IT chiefs demand chartered qualifications

IT chiefs demand chartered qualifications

IT leaders criticise current qualifications

IT leaders have castigated the state of the professional qualifications, arguing that a industry-wide charter system is urgently needed.

The current morass of IT qualifications on offer is impairing business leaders' ability to distinguish between potential employees, warned David Byrne, architecture director at The Carphone Warehouse: "People have a whole scattering of qualifications when they apply to jobs and it makes it difficult to know what is what."

The introduction of a widely-recognised chartered qualification is essential in helping IT define the skills practitioners have, and thereby gain credibility within the enterprise, said Peter Green, operations director, Telegraph Media Group. "IT needs a professional standard just like other professions do, such as accounting. People that have a chartered qualification would be looked at very differently."

The Chartered IT Professional (CITP) qualification, offered by the British Computing Society (BCS), has been condemned as being unfit for purpose by Robert Chapman, director of IT training company Firebrand. "The BCS maintains an intellectual focus at odds with the general perception in the market place," he said.

While the BCS's website advertises CITP as "the hallmark of a true IT professional" it falls short of providing a gold standard to the industry because business leaders do not understand what the qualification provides.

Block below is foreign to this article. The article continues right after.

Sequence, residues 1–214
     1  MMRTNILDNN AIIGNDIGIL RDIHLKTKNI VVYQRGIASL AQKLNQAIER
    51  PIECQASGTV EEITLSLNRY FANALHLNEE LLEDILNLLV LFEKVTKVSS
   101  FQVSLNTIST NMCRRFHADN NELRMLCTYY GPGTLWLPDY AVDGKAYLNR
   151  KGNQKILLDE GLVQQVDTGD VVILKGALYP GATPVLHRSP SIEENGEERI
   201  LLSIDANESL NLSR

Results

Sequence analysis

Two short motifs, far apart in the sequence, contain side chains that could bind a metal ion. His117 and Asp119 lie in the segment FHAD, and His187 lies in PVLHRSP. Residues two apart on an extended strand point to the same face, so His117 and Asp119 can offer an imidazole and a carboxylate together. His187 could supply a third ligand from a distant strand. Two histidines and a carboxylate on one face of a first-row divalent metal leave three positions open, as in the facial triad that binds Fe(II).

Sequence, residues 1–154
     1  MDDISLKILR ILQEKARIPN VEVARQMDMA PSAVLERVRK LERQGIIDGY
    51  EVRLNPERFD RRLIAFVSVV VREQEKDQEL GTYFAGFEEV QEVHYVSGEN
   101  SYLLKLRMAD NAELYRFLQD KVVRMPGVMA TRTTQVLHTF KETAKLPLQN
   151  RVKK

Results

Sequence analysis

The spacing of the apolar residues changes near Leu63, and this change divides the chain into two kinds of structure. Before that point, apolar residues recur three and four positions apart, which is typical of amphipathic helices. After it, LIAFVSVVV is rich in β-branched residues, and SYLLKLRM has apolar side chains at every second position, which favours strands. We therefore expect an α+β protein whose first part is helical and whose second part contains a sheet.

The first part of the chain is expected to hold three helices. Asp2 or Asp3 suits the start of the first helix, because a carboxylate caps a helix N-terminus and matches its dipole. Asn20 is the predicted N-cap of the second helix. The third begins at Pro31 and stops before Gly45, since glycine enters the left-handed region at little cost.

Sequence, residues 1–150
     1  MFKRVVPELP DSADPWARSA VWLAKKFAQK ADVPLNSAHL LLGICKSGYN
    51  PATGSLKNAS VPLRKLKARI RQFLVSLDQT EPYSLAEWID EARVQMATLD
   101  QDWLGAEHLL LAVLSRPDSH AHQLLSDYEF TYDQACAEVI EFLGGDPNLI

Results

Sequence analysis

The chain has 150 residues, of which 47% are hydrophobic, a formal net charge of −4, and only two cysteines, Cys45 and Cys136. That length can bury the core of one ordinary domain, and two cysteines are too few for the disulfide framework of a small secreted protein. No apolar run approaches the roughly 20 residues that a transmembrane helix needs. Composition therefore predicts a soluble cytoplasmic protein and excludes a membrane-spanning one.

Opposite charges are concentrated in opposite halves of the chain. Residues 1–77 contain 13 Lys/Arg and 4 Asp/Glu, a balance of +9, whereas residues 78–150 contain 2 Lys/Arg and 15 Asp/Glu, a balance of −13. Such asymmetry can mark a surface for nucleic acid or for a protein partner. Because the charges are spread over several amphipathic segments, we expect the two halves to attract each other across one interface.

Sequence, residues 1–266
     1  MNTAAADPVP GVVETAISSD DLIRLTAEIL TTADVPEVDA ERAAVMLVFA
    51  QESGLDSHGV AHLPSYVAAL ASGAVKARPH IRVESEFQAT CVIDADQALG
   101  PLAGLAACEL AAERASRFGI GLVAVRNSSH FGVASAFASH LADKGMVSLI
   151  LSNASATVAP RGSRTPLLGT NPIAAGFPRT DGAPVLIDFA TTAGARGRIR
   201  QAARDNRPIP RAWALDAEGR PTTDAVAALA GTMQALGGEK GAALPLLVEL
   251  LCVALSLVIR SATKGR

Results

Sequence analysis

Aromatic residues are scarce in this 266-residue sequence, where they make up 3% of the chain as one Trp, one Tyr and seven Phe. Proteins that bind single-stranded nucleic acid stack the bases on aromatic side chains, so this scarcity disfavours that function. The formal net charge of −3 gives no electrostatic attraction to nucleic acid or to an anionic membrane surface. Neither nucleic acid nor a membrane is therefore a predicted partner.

"We need to define the roles that exist within IT like industries such as engineering and architecture industries do," said Byrne. "We have a clear expectation of what say, an architect does, and people understand what to expect, but the role in IT are less clearly defined.

The BCS has insisted that its work with other professional bodies, such as the Institution of Engineering and Technology (IET), would provide the clarity over professional IT qualifications that business is demanding.

"Our decision to make CITP much more widely available is a major step for the BCS. Our trustees have taken this decision in the interests of the profession and see it as an important step towards achieving the aims of the BCS professionalism in IT initiative," said David Clarke, BCS chief executive, said in a statement.

Nevertheless, widespread confusion over IT qualifications persists. Jim Haslem, chief information officer at Bromley Council insisted the few business leaders understood the BCS framework.

The lack of clarity around IT qualifications is tarnishing IT's reputation within the enterprise, and thus undermining corporate competitiveness, said Graham Spittle, chair of the UK Technology Strategy Board, an industry think-tank dedicated to promoting technology-enabled innovation. "We need a strong IT based qualification because IT is pervasive as the other sciences."